Each year, TEAM UP for Children hosts a gathering of stakeholders committed to improving the health and well-being of children and families. The goal of this day-long event is to share learning from TEAM UP for Children and its community health center partners. The agenda for the event consists of presentations, panels, and breakout sessions on topics of interest, such as how to operationalize integrated care models, clinical training and skills-building for integrated behavioral health clinicians and community health workers, and advocating for systems change to sustain services for children and families. Read and download this year's agenda.
- Do you work in a community health center or a practice that is working on integrated care for children? Are you interested in learning more about the nuts and bolts of integrated behavioral health care?
- Do you provide any type of child behavioral health services? As a community mental health provider? As an Early Intervention provider? Within the school district?
- Are you part of a community organization or philanthropic agency that supports healthy childhood development?
- Are you working on state or local policies that impact child behavioral health services?
Past Symposium Topics:
- Preparing Your Organization’s Structure and Culture to Optimize Integrated Behavioral Health Care
- Developing the Role of Integrated Family Partners & Community Health Workers
- Strengthening and Supporting Families with Young Children
- Building Skills through Clinical Training for the Entire Care Team
- Sustaining Integrated Care through Advocacy
- Supporting Early Childhood Mental Health & Enhanced Screening using the Survey of Wellbeing of Young Children
- Clinical Models & Reimbursement Strategies for Integrated Behavioral Health Care
The 2nd Annual Symposium, held on January 11th, 2019, focused on aligning organizational structure and revenue cycle to support integrated care, the role of the Family Partners & Community Health Workers in supporting families, and special skills and services for families with young children. Breakout sessions covered sustainability of the model & advocacy, the early childhood BRANCH initiative, and clinical training for the care team. The symposium was attended by individuals and groups from over 30 public health and community agencies who reported forging professional connections and learning new, transformative approaches to addressing important issues in healthcare.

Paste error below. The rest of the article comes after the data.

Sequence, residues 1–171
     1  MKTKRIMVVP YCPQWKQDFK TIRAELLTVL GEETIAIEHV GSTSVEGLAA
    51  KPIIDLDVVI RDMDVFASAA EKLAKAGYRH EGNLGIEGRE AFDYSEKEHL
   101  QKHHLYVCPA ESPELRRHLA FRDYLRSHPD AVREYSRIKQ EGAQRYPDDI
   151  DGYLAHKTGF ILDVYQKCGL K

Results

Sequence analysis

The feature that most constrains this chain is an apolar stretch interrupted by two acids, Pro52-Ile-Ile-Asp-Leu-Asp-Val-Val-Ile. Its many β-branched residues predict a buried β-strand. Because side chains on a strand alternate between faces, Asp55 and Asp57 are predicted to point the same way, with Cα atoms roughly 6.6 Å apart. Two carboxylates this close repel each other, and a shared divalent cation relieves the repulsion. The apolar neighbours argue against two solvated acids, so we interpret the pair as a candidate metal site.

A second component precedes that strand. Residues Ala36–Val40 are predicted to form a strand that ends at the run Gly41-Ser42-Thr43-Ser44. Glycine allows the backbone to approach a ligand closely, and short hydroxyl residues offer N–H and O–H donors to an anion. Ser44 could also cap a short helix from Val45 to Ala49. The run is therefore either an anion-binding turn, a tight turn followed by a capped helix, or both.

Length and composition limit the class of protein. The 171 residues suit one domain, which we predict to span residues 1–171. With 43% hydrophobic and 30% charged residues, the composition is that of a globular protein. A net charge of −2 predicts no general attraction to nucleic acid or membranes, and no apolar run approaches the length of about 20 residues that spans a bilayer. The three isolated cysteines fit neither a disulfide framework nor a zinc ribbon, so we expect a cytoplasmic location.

Some main takeaways included:
- Integrated behavioral healthcare has many positive impacts, including greater interdisciplinary collaboration and communication, and greater professional fulfillment from providing better care, both individually and organizationally.
- Optimizing organizational structures and operations for integrated care leads to better quality, access, and financial sustainability.
- Building a culture of integration is a team sport, which fosters shared vision and empowers care team members to work at the top of their discipline.
- While some services provided by integrated care teams are reimbursable, strong advocacy, both at the local and national level, is critical to sustaining the entire integrated team, including Family Partners and Community Health Workers.
- A comprehensive approach to integrated care must include capacity building around Early Childhood and preventative services. Identifying patients in need and intervening at the earliest possible age is key to achieving optimal long-term outcomes.
- Providing high quality, effective behavioral health service within the primary care setting involves clinical training in flexible, innovative interventions.
Slides from the 2nd Annual Symposium and biographies on all the presenters can be found here: https://tinyurl.com/teamupsymposium2.
The 1st Annual Symposium, held on December 8th, 2017, focused on role development for Behavioral Health Clinicians & Community Health Workers/Family Partners, Early Childhood & Implementation of the SWYC screening tool, and clinical models & reimbursement strategies for integrated care, followed by a wrap-up on sustaining and disseminating the work. This symposium was attended by a diverse gathering of stakeholders, all of whom share TEAM UP’s commitment to improving the health and well-being of children and families.
Some main takeaways included:
- Early identification of developmental or behavioral health risks, and early intervention to ameliorate these risks are effective strategies that promote healthy development and improve outcomes for children and families.
- Building a strong interdisciplinary team requires buy-in across the health center and flexibility defining roles over time. Full standardization of roles is not the goal; it is best to play to each team member’s unique strengths. Physical co-location, protected time, and staff coaching on how to utilize new roles are key facilitators.
- A helpful way to conceptualize comprehensive behavioral health care is the “three-legged stool” model:
- Evidence-based practice, informed by best available research
- Clinical judgment
- Patient’s individual values and preferences
- Cultural considerations are crucial to all aspects of this work, impacting and informing our clinical practice, research, and policy implementation.
- An integrated pediatric behavioral health care model in the primary care setting is financially sustainable! We will be learning and developing further strategies as ACOs are implemented.
Slides from the 1st Annual Symposium and biographies on all the presenters can be found here: https://tinyurl.com/teamupsymposium.